We hear a lot of buzzwords – Industry 4.0, Internet of Things, Industrial Internet of Things, Digital Enterprise, Digital Twin, Virtual Factory, and so many more. We are going to focus on two here: Digitization and Digital Transformation. Some people might use those synonymously, and that’s ok. But we are going to highlight those two words to draw a distinction between two very different approaches to automation. Frankly, one works and one doesn’t.
First, let’s talk about the concept of “paving the cowpath.” If you have not heard the expression before, it comes from a poem by Sam Walter Foss, “The Calf-Path,” written in the late 1800s. The poem tells the story of a calf who meanders home, taking a very circuitous route through the woods. After him, a few other animals follow the same path, then flocks of animals, simply because it was there. Then men follow suit, then the path becomes a village’s road, then the thoroughfare of a metropolis. And so it was that men followed this path a century later, “and lost one hundred years a day.”
The expression “paving the cow path” uniquely describes what we mean by “digitization.” Taking a current inefficient, cumbersome paper-based process, which people follow “because we have always done it that way,” and making the paper digital. That is not going be enough for today’s medical device manufacturers to operate with competitive efficiency, produce high quality products, and stay compliant with FDA regulations. Those pieces of paper, now residing on a computer screen or handheld device, are still disconnected and unintelligent. They perpetuate siloes of information, stuck in documents that can’t communicate.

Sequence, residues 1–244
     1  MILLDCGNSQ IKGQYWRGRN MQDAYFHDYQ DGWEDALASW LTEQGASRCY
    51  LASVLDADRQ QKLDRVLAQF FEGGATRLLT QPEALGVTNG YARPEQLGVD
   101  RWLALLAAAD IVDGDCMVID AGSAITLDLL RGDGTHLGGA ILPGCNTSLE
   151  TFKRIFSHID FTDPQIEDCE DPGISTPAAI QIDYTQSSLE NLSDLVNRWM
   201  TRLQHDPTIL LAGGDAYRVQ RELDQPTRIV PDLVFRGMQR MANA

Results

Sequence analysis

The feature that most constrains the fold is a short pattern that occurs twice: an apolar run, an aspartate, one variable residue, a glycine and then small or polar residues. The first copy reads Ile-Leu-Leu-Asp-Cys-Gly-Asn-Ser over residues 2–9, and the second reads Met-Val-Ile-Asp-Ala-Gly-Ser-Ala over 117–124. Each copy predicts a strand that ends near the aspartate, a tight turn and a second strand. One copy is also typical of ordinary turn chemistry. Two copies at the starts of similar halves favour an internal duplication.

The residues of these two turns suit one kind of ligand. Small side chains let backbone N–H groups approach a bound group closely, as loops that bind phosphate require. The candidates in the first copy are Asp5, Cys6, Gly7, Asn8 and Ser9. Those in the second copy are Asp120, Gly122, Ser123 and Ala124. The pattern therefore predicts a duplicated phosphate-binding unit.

When we talk about “digital transformation,” think of this: Change. Digitization does not really change anything about a process, nor does it create efficiencies. It certainly does not connect the entire product lifecycle in order to gain transformational efficiencies, look at quality from a holistic perspective, nor garner intelligence that can only be achieved by analyzing data across functional disciplines and spanning multiple processes.
Digital transformation is comprehensive, with an enterprise scope. It takes an end-to-end-and-back-again view of product lifecycle, an information loop that connects all the pieces of innovation, quality, and efficiency. Its vision is to gain true intelligence and deliver it to the point of action, where impactful decisions can be made that truly advance the value to the consumer, in a timely and high-quality manner. That means data must be collected in a way that makes it accessible and meaningful, captured at each dimension of the design, engineering, and manufacturing process.
Because it is so big, we call it a “journey.” It requires planning and anticipates change. There are 3 key areas that medical device manufacturers embarking on their digital transformation need to consider.
• How do we create a proactive business rather than a reactive business?
• How do we truly leverage advancements in technology and platforms?
• How can we be the agile enterprise needed to handle a changing regulatory environment?